This is not true. Assisted GPS doesn't rely on cell networks, it makes use of cell networks for faster fixes. They still work fine without service, but they do take much longer to get a fix. This is evidenced by the fact that you can put your phone in airplane mode and hold it near the window of an airliner and still get a 10-satellite fix.
This is correct. There are a number of signals that GPS receivers use to improve their performance and accuracy. They use both cell-based network location and detection of nearby Wifi access points to get a very fast, rough idea of the location. That enables the system to know what GPS satellites should be in view, which means the GPS receiver doesn't have to wait for as much data from the satellites to get a good location.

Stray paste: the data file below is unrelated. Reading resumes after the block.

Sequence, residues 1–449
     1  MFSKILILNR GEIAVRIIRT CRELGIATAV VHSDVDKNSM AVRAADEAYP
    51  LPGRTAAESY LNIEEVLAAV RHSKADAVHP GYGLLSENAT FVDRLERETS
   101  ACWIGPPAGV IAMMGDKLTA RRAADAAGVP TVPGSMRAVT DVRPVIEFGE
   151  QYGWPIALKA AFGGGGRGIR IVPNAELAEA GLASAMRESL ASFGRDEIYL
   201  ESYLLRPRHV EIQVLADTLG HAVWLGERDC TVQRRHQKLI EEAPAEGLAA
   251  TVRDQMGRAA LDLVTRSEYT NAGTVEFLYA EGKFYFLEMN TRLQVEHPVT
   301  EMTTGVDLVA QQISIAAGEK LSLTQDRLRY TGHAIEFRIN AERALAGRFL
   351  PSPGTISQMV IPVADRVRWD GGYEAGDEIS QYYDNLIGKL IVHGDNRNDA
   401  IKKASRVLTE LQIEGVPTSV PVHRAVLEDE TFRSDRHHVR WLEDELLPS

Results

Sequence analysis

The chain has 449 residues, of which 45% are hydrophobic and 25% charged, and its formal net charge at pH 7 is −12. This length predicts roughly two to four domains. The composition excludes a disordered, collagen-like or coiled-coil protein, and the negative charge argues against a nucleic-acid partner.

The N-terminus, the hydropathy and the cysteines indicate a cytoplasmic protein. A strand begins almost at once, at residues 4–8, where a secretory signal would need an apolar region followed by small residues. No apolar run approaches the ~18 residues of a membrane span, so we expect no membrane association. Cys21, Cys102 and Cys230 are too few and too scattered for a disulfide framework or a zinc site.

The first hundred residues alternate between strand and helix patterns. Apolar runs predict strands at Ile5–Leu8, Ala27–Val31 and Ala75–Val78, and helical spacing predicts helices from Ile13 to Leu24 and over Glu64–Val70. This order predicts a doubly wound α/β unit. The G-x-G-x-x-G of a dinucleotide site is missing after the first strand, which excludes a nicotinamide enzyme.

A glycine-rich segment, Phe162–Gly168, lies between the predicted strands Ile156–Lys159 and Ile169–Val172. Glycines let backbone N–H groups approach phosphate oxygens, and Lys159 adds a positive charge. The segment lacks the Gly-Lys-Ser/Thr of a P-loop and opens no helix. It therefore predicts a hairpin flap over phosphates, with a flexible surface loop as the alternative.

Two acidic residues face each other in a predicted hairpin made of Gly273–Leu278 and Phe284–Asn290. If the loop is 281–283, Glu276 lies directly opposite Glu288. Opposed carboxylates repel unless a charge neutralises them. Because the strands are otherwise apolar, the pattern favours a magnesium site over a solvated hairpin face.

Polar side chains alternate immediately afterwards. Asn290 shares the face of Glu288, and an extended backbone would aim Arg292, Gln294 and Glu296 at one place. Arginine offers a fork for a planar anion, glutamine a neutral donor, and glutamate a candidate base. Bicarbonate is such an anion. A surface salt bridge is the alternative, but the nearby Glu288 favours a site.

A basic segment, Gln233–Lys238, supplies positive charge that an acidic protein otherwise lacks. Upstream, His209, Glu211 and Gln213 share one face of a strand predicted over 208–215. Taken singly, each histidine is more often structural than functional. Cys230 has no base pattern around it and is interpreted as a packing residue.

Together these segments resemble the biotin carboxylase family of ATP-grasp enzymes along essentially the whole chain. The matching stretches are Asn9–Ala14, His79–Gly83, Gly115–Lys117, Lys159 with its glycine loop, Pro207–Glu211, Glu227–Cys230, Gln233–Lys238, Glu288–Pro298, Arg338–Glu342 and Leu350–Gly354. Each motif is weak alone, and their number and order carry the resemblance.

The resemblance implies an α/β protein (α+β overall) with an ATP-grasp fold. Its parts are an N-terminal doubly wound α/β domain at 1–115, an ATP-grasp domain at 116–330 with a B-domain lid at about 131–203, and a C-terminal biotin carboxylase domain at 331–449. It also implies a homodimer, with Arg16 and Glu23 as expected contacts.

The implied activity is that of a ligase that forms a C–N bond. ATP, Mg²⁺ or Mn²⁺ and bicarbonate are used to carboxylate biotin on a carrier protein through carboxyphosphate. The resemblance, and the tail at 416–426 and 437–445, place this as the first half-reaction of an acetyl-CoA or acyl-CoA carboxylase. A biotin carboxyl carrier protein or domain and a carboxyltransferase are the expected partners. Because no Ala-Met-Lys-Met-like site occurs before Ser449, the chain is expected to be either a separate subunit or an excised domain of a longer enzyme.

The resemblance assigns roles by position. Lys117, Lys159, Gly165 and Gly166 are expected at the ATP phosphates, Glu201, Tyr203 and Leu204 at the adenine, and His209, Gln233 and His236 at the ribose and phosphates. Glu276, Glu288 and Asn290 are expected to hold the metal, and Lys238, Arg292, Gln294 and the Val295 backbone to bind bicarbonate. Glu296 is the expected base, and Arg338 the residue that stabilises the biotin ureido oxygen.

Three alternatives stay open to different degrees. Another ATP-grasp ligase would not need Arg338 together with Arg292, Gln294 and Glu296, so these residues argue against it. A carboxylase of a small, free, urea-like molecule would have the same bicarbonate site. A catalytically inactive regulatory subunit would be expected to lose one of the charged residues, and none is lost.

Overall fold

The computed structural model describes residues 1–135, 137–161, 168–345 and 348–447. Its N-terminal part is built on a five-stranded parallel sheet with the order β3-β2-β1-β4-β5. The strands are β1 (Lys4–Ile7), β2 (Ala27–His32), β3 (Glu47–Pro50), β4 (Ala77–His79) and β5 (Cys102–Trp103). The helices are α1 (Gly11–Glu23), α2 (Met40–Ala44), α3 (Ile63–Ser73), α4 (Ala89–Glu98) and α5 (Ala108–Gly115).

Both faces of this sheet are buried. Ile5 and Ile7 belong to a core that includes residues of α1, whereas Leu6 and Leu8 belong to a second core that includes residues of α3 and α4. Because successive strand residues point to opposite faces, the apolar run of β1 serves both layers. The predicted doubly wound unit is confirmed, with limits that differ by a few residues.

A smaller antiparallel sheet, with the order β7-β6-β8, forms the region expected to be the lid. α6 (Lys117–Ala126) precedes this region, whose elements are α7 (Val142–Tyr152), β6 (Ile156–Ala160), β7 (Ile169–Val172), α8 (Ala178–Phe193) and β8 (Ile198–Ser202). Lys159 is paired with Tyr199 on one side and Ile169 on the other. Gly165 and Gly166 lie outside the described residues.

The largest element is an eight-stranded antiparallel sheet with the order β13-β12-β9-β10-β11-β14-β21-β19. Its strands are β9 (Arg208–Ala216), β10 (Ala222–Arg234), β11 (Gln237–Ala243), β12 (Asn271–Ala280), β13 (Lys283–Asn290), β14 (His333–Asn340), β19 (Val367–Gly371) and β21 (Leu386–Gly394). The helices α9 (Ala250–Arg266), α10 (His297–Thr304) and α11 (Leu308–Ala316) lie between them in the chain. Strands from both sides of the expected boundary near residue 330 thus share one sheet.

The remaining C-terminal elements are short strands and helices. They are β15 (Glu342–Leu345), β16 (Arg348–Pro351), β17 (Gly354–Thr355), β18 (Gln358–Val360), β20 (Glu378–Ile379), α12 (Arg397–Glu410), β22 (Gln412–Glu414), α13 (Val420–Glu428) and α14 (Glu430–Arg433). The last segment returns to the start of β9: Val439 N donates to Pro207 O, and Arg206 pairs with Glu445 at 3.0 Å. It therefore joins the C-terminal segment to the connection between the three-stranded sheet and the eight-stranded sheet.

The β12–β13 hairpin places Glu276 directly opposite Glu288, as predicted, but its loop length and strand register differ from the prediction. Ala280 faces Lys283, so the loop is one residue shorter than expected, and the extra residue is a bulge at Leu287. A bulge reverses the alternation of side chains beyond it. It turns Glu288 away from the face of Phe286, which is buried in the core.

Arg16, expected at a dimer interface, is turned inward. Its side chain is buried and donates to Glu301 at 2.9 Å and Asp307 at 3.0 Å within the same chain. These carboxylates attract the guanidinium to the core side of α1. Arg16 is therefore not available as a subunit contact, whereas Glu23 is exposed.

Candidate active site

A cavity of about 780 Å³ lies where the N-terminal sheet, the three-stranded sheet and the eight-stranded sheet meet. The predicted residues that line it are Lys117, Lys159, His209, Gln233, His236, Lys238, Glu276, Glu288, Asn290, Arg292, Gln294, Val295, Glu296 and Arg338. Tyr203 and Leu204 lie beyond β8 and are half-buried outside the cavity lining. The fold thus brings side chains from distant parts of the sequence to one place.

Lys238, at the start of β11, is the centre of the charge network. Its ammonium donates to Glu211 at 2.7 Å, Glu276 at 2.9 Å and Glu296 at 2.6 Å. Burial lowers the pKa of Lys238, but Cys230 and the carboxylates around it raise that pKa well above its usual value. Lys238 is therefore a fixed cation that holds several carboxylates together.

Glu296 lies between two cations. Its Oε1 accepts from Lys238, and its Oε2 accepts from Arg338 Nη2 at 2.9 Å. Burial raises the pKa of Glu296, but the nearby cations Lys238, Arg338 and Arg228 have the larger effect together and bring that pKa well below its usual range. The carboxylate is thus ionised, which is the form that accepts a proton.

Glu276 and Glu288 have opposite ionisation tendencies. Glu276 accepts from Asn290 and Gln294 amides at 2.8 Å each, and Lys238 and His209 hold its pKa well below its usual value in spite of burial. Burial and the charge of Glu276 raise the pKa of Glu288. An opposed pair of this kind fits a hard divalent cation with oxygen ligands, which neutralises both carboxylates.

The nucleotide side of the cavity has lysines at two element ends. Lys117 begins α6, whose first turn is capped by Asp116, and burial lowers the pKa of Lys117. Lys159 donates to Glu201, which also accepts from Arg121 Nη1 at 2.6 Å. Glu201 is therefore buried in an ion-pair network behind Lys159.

They also use Wifi triangulation to fill in gaps in GPS coverage, when they don't have a clear line of sight to the sky. For this reason mobile phones often work much better than dedicated GPS units in cities where the rows of tall buildings reduce visibility of the sky.
They also use the GPS WAAS (Wide Area Augmentation System) when available to help make the GPS location fixes more precise. This system is primarily designed for use by aircraft but it can help ground-based receivers as well.
But you can shut off all of the other stuff, and you phone's GPS will still be able to get a location, as long as it can receive signals from the sky. It'll take longer and may not be as precise, but it will work.